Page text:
Relationship to previous studies
Automated assessment of physiological abnormalities has been shown to reduce mortality among patients seen by the RRT  but the effect on cardiac arrests has not been reported. However, the intervention reduced the number of abnormal sets of vital signs from four sets to three before a call to the RRT was undertaken, implying earlier activation. Introduction of electronic documentation of vital signs was also associated with a reduction in standardized hospital mortality in two large UK university hospitals , but it was unclear in which patient group this reduction occurred and whether other concurrent changes might have accounted for the improvement in outcomes.
There is a lack of studies measuring the impact of new monitoring technology on clinical outcomes, with much of the published work focused around technical feasibility  and user acceptance . In contrast, we used a combination of wireless sensors to support care in the more unstable patients, in effect facilitating more frequent recording of vital signs with limited need for extra staffing.
Strengths and limitations
Our study has several strengths. It is the first detailed investigation of the effect of automated notifications on team behavior and clinical outcomes in clinically deteriorating patients. To our best knowledge, this is also the first study of cableless sensors deployed in a clinical trial. The large number of patients, large number of activations, changes in clinical interventions and changes in clinical outcomes documents for the first time that the impact of an automated system across the whole pathway of deterioration in patients was coherent.
Concerns have been raised about the feasibility of implementation of the EWS in patients with respiratory illness [23, 24]. We have shown that by adapting the scoring algorithm, clinically meaningful results can be achieved, even in this group of patients. To our knowledge, this study is also the first that has used a range of scoring algorithms in order to individualize monitoring plans, albeit in a single center.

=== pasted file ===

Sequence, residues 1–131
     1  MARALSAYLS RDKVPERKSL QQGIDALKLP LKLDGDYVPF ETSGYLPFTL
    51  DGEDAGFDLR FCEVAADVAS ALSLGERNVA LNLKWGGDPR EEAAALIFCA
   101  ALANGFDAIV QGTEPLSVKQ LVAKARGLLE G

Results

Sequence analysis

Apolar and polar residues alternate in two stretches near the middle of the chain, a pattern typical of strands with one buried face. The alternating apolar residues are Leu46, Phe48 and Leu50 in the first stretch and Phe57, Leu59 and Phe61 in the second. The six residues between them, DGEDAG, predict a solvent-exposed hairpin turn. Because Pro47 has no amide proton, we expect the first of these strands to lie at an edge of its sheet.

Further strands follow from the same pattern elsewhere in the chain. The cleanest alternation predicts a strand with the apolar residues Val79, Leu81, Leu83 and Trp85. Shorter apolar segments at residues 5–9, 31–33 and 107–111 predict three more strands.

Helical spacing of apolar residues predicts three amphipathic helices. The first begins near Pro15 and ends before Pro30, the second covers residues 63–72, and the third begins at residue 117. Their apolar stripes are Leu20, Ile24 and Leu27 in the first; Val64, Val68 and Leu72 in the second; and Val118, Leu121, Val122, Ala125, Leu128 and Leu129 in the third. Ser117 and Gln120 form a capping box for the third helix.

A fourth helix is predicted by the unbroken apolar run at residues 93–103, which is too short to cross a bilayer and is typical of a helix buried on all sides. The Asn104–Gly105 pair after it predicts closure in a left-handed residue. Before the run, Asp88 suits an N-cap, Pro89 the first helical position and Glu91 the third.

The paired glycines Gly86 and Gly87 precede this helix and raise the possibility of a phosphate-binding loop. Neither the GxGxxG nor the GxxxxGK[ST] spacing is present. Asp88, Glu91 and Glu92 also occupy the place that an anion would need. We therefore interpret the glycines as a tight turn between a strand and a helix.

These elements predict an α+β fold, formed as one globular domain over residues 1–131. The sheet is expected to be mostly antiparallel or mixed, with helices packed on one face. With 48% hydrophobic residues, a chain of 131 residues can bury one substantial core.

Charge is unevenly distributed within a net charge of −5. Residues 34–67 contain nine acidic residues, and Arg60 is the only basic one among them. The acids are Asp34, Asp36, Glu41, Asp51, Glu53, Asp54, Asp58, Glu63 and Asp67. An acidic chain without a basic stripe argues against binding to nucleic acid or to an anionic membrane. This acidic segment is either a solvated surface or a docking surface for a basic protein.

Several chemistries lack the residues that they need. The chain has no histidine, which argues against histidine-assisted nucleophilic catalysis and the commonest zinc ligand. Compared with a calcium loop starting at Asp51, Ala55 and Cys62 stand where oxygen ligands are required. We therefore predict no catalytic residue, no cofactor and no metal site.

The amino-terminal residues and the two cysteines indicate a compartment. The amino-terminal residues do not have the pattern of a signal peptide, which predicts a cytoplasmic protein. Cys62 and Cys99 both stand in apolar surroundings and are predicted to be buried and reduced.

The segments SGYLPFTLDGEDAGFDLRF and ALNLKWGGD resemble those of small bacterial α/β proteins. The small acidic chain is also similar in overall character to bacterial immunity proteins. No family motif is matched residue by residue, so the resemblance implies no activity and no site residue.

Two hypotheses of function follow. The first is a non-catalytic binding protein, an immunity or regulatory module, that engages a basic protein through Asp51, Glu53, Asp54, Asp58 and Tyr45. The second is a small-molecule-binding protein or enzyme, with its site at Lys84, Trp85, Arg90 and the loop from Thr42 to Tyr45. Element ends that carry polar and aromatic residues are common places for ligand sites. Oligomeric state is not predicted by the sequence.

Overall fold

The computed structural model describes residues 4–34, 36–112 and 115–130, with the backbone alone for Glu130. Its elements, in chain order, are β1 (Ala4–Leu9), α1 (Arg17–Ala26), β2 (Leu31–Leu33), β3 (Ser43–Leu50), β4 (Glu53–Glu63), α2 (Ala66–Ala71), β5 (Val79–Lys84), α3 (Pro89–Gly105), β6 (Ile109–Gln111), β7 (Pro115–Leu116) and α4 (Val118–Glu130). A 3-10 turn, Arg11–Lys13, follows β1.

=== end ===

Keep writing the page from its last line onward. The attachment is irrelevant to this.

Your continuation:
Our study has some limitations: We did not collect data on admission diagnosis and comorbidity beyond the presence of significant lung disease. It also remains untested whether findings would be different, for example, in a surgical population in whom the number of notifications might be fewer [25, 26] and the patterns of expected physiological derangement likely to be dominated by hypotension.
The fact that RRT responders received automated notification during the intervention period meant that they might have initiated communication more frequently than in the observation period. Resulting phone calls and conversations within parent teams are likely not to have been fully documented in the clinical notes. In the absence of an electronic patient record, we were also unable to find reliable documentation to confirm the timing of interventions. Our study was conducted in a very specific environment and in a UK hospital. Its external validity to other institutions and patient cohorts, therefore, needs to be assessed. Nursing teams were appreciative of the technology used. We are aware that especially with regards to continuous monitoring these finding might not be generalizable [27, 28].
We do not have detailed data to explain the increase in DNAR orders, not only overall, but also before RRT notification. It is possible that the increase is notification might have increased overall awareness of the overall status of all patients and of the limitations of what medical intervention could do for such patients, thereby increasing pro-active decision making on end-of-life care.
Mortality was reduced in the study ward with the sicker patient population. The fact that overall mortality was not affected could be due to the fact that many of the included patients would have suffered from advanced chronic diseases with limited reversibility after a study period of more than two years. Further research is needed in order to define the characteristics of patients who most benefit from the type of intervention described. Finally, the low rates of adverse events limit any clinical inference made from statistical tests related to their incidence during the two study periods.
Implications of study findings
This study implies that deployment of an electronic automated advisory vital signs monitoring and notification system, which relays abnormal vital signs to an RRT, has the ability to significantly increase the number of activations of the RRT. Moreover, it implies that such an increase in activations can lead to decreased overall mortality, cardiac arrests and illness severity in those patients admitted to ICU, resulting in a specific decrease in mortality among such patients. Finally, our study implies that the more frequent activation affects decision-making on end-of-life care toward greater use of DNAR orders.